Doomed Planet

A simple calculation

A doubling of carbon dioxide in the atmosphere is always claimed to be where we are heading. Catastrophic climate change is said to follow. 

But are we capable of generating so much CO2 that we will take the present atmospheric concentration from 380 ppm to 760 ppm? 

Approaching this challenge in the spirit of the Club of Rome, the best sources of wisdom are the BP Statistical Review and the Energy Information Administration of the United States Department of Energy that give proven oil, gas and coal reserves. These are in their own words “generally taken to be those quantities that geological and engineering information indicates with reasonable certainty can be recovered in the future from known deposits under existing economic and operating conditions”. 

So the answer is:

If we assert following the IPCC that about half of the CO2 that results from burning the fossil fuels is captured by the oceans and the continents then we are left with 324 gigatonnes of carbon contained in the atmosphere as CO2

The present atmosphere has at a CO2 concentration of 380 ppm, some 800 gigatonnes of contained carbon. So if we were to exhaust our fossil fuel reserves we would only add another 154 ppm of CO2. This is well short of a doubling of CO2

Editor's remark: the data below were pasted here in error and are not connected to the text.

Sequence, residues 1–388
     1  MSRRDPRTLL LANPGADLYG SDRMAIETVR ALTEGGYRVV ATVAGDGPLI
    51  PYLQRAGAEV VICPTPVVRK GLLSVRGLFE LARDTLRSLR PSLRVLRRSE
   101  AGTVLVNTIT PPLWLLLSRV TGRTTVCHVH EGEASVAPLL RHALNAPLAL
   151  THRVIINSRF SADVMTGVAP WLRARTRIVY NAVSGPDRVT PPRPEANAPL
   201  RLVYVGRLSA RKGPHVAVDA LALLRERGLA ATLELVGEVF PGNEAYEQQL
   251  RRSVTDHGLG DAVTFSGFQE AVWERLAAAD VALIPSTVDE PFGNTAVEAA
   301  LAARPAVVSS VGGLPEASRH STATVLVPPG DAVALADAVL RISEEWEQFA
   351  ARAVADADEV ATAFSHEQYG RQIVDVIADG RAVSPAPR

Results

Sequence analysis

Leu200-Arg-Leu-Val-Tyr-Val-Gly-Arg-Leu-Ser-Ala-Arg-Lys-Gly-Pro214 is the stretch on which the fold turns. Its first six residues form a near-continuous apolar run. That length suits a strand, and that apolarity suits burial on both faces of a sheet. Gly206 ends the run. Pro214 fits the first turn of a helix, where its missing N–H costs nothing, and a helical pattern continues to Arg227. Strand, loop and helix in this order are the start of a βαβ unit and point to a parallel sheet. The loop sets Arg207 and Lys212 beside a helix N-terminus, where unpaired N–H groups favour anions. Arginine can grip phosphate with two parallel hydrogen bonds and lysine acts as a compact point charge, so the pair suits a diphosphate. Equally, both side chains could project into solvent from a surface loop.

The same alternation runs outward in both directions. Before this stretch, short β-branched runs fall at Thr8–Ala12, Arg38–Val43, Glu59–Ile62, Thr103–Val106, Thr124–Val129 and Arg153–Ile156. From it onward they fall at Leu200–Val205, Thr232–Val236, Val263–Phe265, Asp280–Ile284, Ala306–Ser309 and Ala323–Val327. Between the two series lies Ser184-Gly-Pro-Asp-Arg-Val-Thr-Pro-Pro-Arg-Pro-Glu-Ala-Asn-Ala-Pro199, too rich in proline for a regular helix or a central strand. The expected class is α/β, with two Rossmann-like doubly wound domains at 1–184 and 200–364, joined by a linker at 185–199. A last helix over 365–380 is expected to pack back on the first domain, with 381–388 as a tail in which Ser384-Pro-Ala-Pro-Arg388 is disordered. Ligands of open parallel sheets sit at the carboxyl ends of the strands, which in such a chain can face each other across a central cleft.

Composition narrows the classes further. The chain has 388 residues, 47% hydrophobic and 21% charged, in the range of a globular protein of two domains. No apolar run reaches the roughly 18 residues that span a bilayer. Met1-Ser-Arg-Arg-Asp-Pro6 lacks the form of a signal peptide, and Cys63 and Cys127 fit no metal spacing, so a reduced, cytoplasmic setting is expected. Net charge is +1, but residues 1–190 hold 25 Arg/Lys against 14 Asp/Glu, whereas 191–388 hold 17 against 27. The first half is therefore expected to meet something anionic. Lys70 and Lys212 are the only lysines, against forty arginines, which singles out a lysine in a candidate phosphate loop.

Why are we shooting at a target we cannot reach? After all, those against nuclear power look at the proven reserves and conclude nuclear power is only a short term, fifty year interim solution to our long run demand for energy! 

Lord Kelvin, in 1895, calculated that so much coal was being burnt that all the free oxygen in the atmosphere would be gone in some three hundred years. This calculation caused some distress at the time but here we are over one hundred years later burning ten times as much coal and carbon in other forms. 

All three of these resource projections are flawed. More knowledge of our living planet has removed the concern of Lord Kelvin and no doubt further knowledge of the planet will finally remove the concerns about climate change and future sources of energy.

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